Researchers identify six drug candidates that may help treat COVID-19

An international team of researchers has tested more than 10,000 compounds to identify six drug candidates that may help treat COVID-19.

The research, involving University of Queensland scientist Professor Luke Guddat, tested the efficacy of approved drugs, drug candidates in clinical trials and other compounds.

“Currently there are no targeted therapeutics or effective treatment options for COVID-19,” Professor Guddat said.

“In order to rapidly discover lead compounds for clinical use, we initiated a program of high-throughput drug screening, both in laboratories and also using the latest computer software to predict how different drugs bind to the virus.

Professor Guddat said the project targeted the main COVID-19 virus enzyme, known as the main protease or Mpro, which plays a pivotal role in mediating viral replication.

“This makes it an attractive drug target for this virus, and as people don’t naturally have this enzyme, compounds that target it are likely to have low toxicity.

“We add the drugs directly to the enzyme or to cell cultures growing the virus and assess how much of each compound is required to stop the enzyme from working or to kill the virus.

“If the amount is small, then we have a promising compound for further studies.”

After assaying thousands of drugs, researchers found of the six that appear to be effective in inhibiting the enzyme, one is of particular interest.

“We’re particularly looking at several leads that have been subjected to clinical trials including for the prevention and treatment of various disorders such as cardiovascular diseases, arthritis, stroke, atherosclerosis and cancer,” Professor Guddat said.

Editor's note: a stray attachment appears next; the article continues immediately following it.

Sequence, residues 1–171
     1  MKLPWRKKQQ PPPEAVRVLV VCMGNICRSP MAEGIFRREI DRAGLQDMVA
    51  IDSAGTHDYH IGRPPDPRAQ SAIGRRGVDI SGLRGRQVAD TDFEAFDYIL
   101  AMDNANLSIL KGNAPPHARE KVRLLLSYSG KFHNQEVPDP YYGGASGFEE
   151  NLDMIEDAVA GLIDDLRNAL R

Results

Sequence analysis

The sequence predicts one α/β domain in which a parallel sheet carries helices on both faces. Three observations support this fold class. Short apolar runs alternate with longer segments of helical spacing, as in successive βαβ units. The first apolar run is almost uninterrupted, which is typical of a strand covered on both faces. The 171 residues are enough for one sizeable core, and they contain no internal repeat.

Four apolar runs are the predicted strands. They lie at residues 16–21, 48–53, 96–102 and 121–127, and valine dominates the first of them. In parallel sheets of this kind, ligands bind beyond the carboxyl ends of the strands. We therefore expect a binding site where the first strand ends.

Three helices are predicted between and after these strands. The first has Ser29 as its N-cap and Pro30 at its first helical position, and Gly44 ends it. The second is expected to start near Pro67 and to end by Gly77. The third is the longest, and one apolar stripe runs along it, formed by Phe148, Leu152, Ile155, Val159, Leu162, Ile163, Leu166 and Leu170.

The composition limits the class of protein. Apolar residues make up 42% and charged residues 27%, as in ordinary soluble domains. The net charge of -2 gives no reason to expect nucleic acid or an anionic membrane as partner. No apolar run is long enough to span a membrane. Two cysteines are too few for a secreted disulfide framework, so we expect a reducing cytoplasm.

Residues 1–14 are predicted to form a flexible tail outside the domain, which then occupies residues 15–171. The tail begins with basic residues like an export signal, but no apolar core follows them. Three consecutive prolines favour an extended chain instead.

“Compounds that are already along the pipeline to drug discovery are preferred, as they can be further tested as antivirals at an accelerated rate compared to new drug leads that would have to go through this process from scratch.”

After the enzyme’s structure was made public, the team received more than 300 requests for more information, even before the paper was published.

“To provide an analogy, we’ve provided scientists with a fishing pole, the line and the exact bait, and have in only one month caught some fish,” Professor Guddat said.

“Now it’s up to us and the other fisherman—our fellow scientists globally—to take full advantage of this breakthrough.”

“With continued and up-scaled efforts we are optimistic that new candidates can enter the COVID-19 drug discovery pipeline in the near future.”

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